There’s quite the brouhaha brewing at Bohemian Grove, the 150-year-old, ultra-exclusive, all-male campground hard by the Russian River, in Monte Rio, California.
The 2,700-acre woodland retreat, an offshoot of the Bohemian Club on Taylor Street in San Francisco, 90 minutes to the southeast, comprises some 140 smaller camps, most managed by their own crew of “valets”—a catchall term for service staff that includes chefs, cleaners, and general managers. Some camps have 10 members; others have as many as 50. When it’s in full bloom, Bohemian Grove is like a small city in the woods.
In a lawsuit filed in Northern California’s U.S. District Court, three longtime valets from the Monastery Camp, one of the toniest at the Grove, allege that they were worked to the bone during the roughly two weeks in July when the Grove holds its “Summer Encampment,” an annual bacchanal populated by 2,500 or so of the most powerful men in the nation, including, at one time or another, the likes of Henry Kissinger, Charles Schwab, Thomas Watson Jr. (the founder of IBM), media billionaire John Kluge, former Bank of America chairman Samuel Armacost, and Supreme Court justice Clarence Thomas. (Other annual festivities at the Grove include the “Spring Jinx,” in June, and the “Spring Picnic,” when wives, daughters, and girlfriends can visit the camps as long as they are gone by nine o’clock at night.)
In addition to being overworked, the three valets say they were under-compensated and, for a time, paid “under the table,” so that the Bohemian Club could avoid paying payroll taxes and workers’-compensation insurance.
The long, hard hours continued into this summer, too, well past when the lawsuit was filed. Drew Curlett, the current chef at the Monastery Club, wrote on Facebook on August 4, “After working 20 days straight of 18-hour days in the Bohemian Grove cut off from civilization in the Russian River Valley redwoods, I was broken, like broken broken.”
The chief pastime at Bohemian Grove, especially in July, is drinking, and lots of it. It’s the sort of partying that’s learned in a frat house and evolved by men whose careers depend on sociability: gin fizzes in the morning; Kahlua and coffee; wine at lunch, white and then red; more wine at dinner; and, routinely, Manhattans with cigars. A supposed specialty cocktail at the Grove is the Nembutal—hot chocolate spiked with horse tranquilizer, which can make you lose control of your bowels and your bladder. Getting blackout drunk is not unusual at Bohemian Grove.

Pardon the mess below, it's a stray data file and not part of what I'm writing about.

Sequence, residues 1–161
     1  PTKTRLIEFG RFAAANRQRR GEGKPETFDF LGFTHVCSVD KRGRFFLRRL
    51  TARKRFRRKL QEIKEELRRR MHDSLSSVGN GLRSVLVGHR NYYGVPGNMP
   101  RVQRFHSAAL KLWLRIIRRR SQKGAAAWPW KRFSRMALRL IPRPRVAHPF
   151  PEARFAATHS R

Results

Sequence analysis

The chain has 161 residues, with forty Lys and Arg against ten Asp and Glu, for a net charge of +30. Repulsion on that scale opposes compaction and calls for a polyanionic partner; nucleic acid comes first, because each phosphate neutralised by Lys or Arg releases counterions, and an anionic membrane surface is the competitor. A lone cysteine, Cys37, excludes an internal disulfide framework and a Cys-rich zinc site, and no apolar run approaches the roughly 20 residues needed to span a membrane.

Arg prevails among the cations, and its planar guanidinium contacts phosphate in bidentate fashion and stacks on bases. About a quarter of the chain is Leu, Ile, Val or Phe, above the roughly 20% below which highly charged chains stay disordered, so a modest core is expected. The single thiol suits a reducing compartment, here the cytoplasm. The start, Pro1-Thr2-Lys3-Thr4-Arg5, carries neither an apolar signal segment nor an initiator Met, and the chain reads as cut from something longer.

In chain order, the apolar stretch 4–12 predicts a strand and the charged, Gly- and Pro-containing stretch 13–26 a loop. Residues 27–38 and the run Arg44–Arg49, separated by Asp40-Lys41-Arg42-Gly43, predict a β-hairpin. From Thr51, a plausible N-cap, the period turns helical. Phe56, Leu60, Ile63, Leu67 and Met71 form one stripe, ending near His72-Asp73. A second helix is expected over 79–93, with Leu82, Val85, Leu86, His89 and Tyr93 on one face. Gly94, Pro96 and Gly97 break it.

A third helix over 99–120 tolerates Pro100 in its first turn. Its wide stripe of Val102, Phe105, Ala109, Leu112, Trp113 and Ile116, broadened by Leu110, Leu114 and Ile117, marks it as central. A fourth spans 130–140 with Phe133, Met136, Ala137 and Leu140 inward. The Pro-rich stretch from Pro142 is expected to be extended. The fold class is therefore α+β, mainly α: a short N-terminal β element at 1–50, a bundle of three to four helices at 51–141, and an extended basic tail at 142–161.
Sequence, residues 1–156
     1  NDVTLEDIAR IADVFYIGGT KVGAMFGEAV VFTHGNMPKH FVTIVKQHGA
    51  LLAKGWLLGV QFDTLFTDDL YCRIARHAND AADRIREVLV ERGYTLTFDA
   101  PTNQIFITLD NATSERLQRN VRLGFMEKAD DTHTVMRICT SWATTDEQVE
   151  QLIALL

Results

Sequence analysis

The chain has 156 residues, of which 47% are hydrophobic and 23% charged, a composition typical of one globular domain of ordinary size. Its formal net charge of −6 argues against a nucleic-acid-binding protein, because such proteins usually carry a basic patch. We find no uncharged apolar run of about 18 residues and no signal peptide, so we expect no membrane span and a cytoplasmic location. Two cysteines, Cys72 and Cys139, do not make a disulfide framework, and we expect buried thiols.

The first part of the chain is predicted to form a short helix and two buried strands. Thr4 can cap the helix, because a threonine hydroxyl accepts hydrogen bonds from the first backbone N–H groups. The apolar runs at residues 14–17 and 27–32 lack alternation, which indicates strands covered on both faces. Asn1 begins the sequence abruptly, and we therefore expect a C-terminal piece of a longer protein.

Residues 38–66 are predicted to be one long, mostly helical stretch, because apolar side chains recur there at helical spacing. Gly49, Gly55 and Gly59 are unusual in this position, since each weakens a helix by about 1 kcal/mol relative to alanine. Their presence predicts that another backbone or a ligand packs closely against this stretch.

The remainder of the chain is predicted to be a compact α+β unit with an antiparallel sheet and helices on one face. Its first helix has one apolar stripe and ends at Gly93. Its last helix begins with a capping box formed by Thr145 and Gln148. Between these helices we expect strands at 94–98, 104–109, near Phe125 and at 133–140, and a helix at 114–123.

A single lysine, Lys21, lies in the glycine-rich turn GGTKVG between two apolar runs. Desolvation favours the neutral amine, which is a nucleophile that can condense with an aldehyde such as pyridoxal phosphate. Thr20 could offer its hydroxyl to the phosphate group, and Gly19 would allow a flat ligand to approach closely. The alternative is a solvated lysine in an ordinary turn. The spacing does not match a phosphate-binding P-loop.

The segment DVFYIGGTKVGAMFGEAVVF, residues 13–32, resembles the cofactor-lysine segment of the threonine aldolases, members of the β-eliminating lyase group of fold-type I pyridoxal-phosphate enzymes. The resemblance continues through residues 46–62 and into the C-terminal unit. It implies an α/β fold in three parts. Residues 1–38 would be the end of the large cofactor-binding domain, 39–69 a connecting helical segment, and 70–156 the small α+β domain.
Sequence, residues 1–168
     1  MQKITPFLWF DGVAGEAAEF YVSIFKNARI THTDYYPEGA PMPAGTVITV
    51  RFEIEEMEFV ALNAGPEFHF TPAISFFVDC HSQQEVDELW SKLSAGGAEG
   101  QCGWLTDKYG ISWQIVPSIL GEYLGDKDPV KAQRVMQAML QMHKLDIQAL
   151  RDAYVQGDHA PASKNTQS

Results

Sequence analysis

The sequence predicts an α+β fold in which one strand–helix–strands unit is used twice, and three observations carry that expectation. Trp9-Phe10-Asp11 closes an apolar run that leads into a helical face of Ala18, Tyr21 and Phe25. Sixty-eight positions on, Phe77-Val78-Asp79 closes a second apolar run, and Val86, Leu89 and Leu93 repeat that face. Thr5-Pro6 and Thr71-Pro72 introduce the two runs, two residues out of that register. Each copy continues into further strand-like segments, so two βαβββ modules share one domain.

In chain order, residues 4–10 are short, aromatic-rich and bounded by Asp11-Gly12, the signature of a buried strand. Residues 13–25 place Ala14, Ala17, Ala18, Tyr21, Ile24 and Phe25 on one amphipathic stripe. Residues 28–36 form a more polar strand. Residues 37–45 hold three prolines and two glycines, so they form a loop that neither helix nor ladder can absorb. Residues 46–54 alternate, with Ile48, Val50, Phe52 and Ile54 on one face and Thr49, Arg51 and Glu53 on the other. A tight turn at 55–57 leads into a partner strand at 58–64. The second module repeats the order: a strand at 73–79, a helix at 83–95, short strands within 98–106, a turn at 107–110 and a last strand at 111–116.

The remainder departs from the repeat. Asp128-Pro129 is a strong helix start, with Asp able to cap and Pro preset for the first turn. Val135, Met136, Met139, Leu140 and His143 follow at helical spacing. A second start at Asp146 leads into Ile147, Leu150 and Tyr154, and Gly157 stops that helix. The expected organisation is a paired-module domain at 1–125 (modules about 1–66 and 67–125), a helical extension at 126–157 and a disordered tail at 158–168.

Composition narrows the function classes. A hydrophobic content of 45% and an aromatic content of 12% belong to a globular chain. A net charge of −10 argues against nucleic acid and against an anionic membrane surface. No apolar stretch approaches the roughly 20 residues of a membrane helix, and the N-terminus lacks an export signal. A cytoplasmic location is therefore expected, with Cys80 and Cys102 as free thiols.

“These guys, they don’t want that college experience to go away,” Anthony Gregg, one of the plaintiffs, tells me. “Now they [just] have more money and better alcohol.” Along with the intense drinking, there is a lot of public urination among the redwood trees, and plenty of metaphorical pissing contests, too.
Drugs, however, are verboten. If you are caught with pot, cocaine, or anything else, you are ushered off the premises. And the same goes for cell phones and cameras, which members must leave at home—landline phones are the only immediate connection between Bohemian Grove and the outside world.
Most of the camps have been around for a century or more, and each is distinct. Some are downright luxurious and replete with valets. At the Monastery Camp, dinners are extravagant affairs with linen napkins, four courses, and exquisite wines. “It’s very gluttonous,” says Gregg. “Inevitably someone dies.” (There’s a hospital of sorts on site.)
Other camps are thoroughly rustic: members sleep in tepees untended by valets, and candles are the only source of light. Some prefer the simplicity because it serves as an antidote to their lives outside the confines of the Grove. A few years back, longtime member William Dawson, a plutocrat who was the chief financial officer at a variety of pharmaceutical companies, caused quite a stir when he abandoned the Monastery Camp, of which he was a founder, for a far more modest camp with only one valet. He wanted to get back to his “Bohemian roots,” he told Gregg. The Monastery Camp crowd, angry at him for leaving, had his belongings at the camp tossed away.